Out hunting are all-grown-up Charlie and Danny – or at least they’re supposed to be hunting. Charlie instead lures her younger brother to an overturned RV. Ever the eager explorer, she scopes it out, and her bright blue eyes light up when she finds a postcard with an image of Chicago’s Wrigley Field. But then Danny breaks out into an asthma attack, and she rushes him back home.

There the town doctor, a woman named Maggie, tends to him in the Matheson house, while Ben scolds his daughter, telling her, “That road’s not safe.” It’s a Nemo-Marlin relationship with an added sibling. Charlie complains, “Nothing’s safe. Everything is off-limits.” And it’s here that we learn Rachel is out of the picture and Maggie has replaced her spot in Ben’s bed. Rachel is dead, or at least her family presumes her to be.

The next day, Charlie escapes beyond the town to her hidden collection of postcards from far-away, unseen places. Meanwhile, we get our first look at that militia Aaron spoke of. And they don’t look like they’re men to be trifled with.

Ben is hurriedly handing the Locket of Power off to Aaron, who tells him, “Nothing is going to happen to you.” But something does happen, and it’s not good, not good at all. Captain Tom Neville (Breaking Bad’s Giancarlo Esposito) has orders from General Sebastian Monroe, under the authority of the Monroe Republic, to take Ben and Miles to Monroe.

Well, as much as level-headed Ben is willing to go quietly, Danny isn’t quite so eager to see his father taken away without a fight. So in he steps with a crossbow pointed at Neville’s head. And this doesn’t turnout well: A fight breaks out, and in the crossfire Ben is shot. Neville and his men take Danny with them instead, and Charlie, who came running back at the sound of shots, returns to find her brother gone and her father wounded and dying.

And thus ends Ben’s non-flashback time on the show. He dies in Charlie’s arms, his blue eyes reflected in Charlie’s tear-filled own, barely heaving out a last wish: That Charlie go find Miles in Chicago. “He can get Danny,” Ben says.

So Charlie sets out for Chicago, and much to her dismay, she’s accompanied by her replacement mother and the man who’s afraid of bees – Maggie and Aaron. (“I’m not afraid of bees. I’m allergic to bees. There is a big difference!” Aaron retorts back at Charlie.)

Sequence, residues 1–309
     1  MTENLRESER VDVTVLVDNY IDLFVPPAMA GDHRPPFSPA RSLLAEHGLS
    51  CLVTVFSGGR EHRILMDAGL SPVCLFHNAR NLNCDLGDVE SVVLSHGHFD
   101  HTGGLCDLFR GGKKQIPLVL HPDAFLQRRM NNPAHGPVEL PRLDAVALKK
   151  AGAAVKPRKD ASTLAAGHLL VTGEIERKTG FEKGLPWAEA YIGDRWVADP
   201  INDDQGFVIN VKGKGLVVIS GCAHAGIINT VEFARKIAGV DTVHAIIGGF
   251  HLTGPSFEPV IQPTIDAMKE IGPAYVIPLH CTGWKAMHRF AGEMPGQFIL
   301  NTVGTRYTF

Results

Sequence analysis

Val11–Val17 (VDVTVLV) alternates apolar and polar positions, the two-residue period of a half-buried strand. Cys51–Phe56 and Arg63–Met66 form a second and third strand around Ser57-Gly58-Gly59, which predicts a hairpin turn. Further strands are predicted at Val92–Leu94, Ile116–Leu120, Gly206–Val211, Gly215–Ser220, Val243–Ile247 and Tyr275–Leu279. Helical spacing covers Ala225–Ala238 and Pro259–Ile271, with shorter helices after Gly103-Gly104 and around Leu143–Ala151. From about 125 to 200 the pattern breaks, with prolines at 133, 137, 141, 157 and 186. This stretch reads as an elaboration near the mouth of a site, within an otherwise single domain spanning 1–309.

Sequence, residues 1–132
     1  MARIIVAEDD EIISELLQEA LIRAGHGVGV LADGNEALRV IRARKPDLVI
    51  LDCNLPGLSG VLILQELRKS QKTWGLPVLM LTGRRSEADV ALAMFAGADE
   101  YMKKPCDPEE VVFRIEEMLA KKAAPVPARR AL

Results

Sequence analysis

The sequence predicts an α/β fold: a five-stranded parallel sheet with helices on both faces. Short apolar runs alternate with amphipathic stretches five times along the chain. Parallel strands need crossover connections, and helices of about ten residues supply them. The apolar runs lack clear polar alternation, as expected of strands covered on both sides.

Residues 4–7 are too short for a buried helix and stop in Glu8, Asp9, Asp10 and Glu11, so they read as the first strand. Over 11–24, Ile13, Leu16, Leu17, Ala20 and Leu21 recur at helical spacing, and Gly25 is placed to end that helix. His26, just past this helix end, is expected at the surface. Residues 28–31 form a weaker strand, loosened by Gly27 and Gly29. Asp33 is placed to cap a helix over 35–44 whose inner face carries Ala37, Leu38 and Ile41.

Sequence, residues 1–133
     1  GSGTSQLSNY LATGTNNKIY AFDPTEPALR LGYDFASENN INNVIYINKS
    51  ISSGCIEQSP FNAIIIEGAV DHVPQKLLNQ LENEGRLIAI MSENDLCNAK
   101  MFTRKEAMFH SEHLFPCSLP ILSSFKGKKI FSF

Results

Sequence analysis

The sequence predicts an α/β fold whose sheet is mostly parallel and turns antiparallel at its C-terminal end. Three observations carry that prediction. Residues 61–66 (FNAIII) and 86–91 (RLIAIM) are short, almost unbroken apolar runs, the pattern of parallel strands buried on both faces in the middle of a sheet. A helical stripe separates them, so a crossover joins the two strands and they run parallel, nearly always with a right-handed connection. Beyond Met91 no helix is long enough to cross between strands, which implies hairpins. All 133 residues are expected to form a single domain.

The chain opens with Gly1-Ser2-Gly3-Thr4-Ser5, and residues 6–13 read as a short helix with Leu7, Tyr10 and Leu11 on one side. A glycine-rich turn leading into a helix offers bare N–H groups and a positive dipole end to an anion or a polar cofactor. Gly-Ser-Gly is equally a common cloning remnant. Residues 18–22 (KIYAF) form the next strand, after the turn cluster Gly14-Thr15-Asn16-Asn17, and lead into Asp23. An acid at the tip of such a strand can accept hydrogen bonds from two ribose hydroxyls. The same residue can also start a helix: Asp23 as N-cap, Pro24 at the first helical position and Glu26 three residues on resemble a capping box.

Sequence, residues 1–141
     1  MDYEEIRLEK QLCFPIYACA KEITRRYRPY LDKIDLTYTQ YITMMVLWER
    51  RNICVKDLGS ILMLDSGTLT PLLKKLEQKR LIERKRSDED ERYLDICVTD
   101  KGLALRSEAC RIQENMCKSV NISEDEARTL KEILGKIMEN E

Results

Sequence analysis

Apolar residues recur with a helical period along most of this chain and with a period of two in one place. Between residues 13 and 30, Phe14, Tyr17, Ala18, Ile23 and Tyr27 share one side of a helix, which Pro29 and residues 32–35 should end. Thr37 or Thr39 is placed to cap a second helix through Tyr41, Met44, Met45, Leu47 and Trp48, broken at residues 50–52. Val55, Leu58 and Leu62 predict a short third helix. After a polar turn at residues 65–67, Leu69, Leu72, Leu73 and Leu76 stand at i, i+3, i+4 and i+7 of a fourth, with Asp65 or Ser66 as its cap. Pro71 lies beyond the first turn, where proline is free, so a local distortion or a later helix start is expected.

On one road we see Danny handcuffed to a horse-drawn cart, where Neville tells him, “You drew first. That puts your daddy’s blood on your hands, son.” On another, Charlie runs into a bow-toting, well-built young man – probably the first attractive guy her age she’s ever met – named Nate. After an incident when Nate saves Charlie’s life from a crew of ill-meaning bandits, he joins the trio of travelers on their trip to Chicago, claiming he hopes to join a fishing crew there.

NEXT: Chicago ho!

Charlie, Maggie, Aaron and Nate reach Chicago, and it’s a sight to behold: Wrigley Field is covered in Ivy, streets are filled with fish vendors and VW bugs-turned-horse buggies.

They walk into The Grand Plaza, which has been transformed into a seedy tavern, and there they find Miles, tending the bar. He makes no move to reveal that he is the Miles Matheson they’re looking for, until Charlie asks him to pass on the message to Miles that his brother is dead and his niece is looking for him.

Miles beckons Charlie to the back of the hotel, but Nate, refusing let Charlie out of his sight, points his knife at the odd bartender. In one seamless move, Miles grabs the knife, presses it against Nate’s throat – “She’s my niece. I don’t know you,” he says – and flips it around and into the counter top.

Charlie gets Miles up-to-speed on what happened back at their rural village. Miles shares his theory that Monroe wants him and his brother for answers about “why the lights went out. Maybe how to turn them back on,” but Charlie frustratingly fails to press him on why they might have answers about that. And then Miles emphasizes that Monroe with access to electrical power is not something that would bode well for much of anyone outside Monroe’s circle.

Charlie asks her uncle, “What do we do now?” mirroring a similar conversation with Maggie back at the village. Miles is no more happy to hear himself included in this “we” than Charlie was when Maggie insisted on coming with her. Charlie passionately begs for Miles to help her search for Danny. “You are gonna help me get him back – ’cause we’re family,” she chokes. But Miles won’t budge from his armchair-, framed gold record-, bookshelf-filled hotel lobby of a home.

Miles’ safe haven doesn’t stay safe for much longer. He discovers Nate is part of the militia, gone but surely on his way back to The Grand with men to take him down. Charlie, Maggie and Aaron beg Miles to flee to safety but leave him once he growls at them, “Get out!”